July 25. 2007
San Jose community to `thin' deer's numbers with bow hunters
Nestled near the east foothills above San Jose, a gated retirement community is debating what to do about the hundreds of deer that for years have been turning the lush landscape into a $10,000-a-month snack.
One solution: bow hunters.
Sometime after Aug. 6, two professional bow hunters will enter The Villages in South San Jose and take aim at eight deer - with permission from the California Department of Fish and Game and the community's general manager.
If it goes as planned, killing the eight will scare the rest of the herd enough to go farther back into the hills - along with the coyotes and mountain lions that prey on them - away from people and The Villages.
A special permit will allow the local hunters to enter The Villages at any time and would permit the killing of does and fawns, "but we kind of trust their good judgment," not to do that, said Fish and Game biologist Jeannine DeWald.
The specter of professional bow hunters killing deer in the retirement community of 4,300 has caused some "hysterical calls" to management.
But Steve Loupe, acting general manager of The Villages, and DeWald say the deer killing is necessary to reduce the threat to public safety from predators such as mountain lions who might target the deer for food.
Loupe said the 100 to 200 deer on the sprawling 1,000-acre property are also causing $10,000 a month in damages to landscaping and to a wide variety of plants on residents' property.
"There are about 500 undeveloped acres The Villages owns," Loupe said.
"There's a natural attraction for the deer to settle in this nice idyllic environment with man-made lakes and thousands and thousands of varieties of plants."
Loupe said The Villages has had a deer problem for some time but said they've become more than a nuisance. "We now have coyotes in the area, and we fear mountain lions will come," he said.
Management at The Villages informed residents of the plan to "thin" the deer herd in last Thursday's newsletter, The Villager. The process was to begin July 23.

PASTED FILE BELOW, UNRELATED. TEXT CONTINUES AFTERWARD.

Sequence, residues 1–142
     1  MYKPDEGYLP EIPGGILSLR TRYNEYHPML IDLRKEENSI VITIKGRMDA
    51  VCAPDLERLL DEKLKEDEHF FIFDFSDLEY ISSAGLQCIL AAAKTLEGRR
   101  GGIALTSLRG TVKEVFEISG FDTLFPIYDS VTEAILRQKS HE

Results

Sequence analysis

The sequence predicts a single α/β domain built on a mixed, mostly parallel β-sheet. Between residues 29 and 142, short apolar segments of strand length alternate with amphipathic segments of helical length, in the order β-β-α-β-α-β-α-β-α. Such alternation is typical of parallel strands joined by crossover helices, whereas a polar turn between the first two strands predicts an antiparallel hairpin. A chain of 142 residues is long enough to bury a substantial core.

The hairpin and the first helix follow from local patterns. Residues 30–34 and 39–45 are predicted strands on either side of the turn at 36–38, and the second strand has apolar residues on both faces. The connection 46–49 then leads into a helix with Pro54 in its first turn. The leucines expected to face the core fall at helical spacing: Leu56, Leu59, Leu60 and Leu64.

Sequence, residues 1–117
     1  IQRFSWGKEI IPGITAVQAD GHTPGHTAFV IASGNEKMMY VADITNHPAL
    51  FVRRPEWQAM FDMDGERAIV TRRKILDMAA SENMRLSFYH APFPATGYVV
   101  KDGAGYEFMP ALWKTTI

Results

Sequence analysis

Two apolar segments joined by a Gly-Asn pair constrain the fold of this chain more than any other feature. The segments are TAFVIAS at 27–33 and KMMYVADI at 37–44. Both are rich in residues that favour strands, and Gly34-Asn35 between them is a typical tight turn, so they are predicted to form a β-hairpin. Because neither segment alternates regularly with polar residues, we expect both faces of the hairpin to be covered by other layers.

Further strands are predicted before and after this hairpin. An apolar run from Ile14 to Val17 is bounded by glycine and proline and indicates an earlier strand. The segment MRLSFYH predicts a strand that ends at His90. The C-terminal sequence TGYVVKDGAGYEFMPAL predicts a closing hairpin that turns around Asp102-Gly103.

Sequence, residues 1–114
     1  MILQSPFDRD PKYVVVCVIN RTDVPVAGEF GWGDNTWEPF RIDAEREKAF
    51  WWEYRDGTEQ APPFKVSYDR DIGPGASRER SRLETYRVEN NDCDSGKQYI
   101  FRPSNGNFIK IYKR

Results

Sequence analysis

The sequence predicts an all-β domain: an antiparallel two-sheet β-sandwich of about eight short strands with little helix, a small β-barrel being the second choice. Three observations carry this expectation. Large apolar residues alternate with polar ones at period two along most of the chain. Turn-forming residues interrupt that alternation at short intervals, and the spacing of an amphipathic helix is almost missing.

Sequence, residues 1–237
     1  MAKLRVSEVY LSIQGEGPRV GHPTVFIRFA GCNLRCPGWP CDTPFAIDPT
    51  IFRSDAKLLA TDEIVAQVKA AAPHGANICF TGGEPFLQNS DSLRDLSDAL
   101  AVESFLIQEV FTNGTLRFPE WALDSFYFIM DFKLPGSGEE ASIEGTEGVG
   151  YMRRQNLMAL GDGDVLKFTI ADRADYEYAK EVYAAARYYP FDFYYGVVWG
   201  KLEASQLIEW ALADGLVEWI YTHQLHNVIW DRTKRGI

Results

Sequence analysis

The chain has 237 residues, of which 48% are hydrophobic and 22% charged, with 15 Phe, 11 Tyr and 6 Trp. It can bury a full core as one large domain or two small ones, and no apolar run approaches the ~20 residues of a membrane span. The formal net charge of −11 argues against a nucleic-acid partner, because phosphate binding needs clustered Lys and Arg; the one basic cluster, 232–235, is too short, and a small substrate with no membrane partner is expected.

But on the community's TV channel, residents were notified Tuesday that "the previous announcement of the deer thinning was in error." The killing would not begin until "after Aug. 6."
A July 31 meeting between management and residents will explain, "why this must be done now," according to the television announcement.
Still, Loupe said, the first article "prompted these hysterical calls to the Mercury News and NBC11."
But given the size of the community population, "you hear from a tiny but very loud minority, maybe 15 people."
Fish and Game's DeWald, who consulted with The Villages in the spring, said she recommended the bow hunters because the agency no longer relocates nuisance wildlife.
"We put radio collars on them and found out we spend a lot of money to relocate deer, but within six months they're dead," DeWald said. "They don't know where resources and predators are in the new area and mountain lions or other predators take them."
She said the bow hunters will be operating under two different types of permits. The first, a depredation permit, usually is granted when a species of wildlife is causing property damage or a threat to public safety. That permit will allow hunters to take four deer, male or female. They can take another four male deer under their hunting license deer tags.
"The general manager authorized hunting on his property, and it is archery hunting season," which will allow them to kill four deer, male or female, Steve Martarano, spokesman for Fish and Wildlife said.
Taking deer this way "is common, and it is oftentimes controversial," he said.
"Deer often do attract mountain lions. That's the reason we don't advocate feeding wildlife at any time. Wildlife ends up paying the price."
DeWald said the number of deer slated for death by arrow is based on scaring the rest of the deer and not trying to get rid of all the problem deer.
"It puts some pressure on deer not to get so used to being around people, and they'll regain some of their wariness," she said.
Human wariness about the method of death seemed to be growing. But Villages residents asked their names not be used.
"That is a dirty business," said one resident.
Her husband said, "I think it's a little crazy to come out here with bows and arrows."
Another resident, a lifelong hunter, said he does not approve of taking out deer with bows and arrows.
"I can't see killing does and fawns," he said. "They're almost like pets, you can get so close to them. There are other ways to do it."
The resident said he fears the deer already have been killed.
"I haven't seen any deer in the last two days," he said. Before then, "we'd see eight to 10 deer in our back yard every night."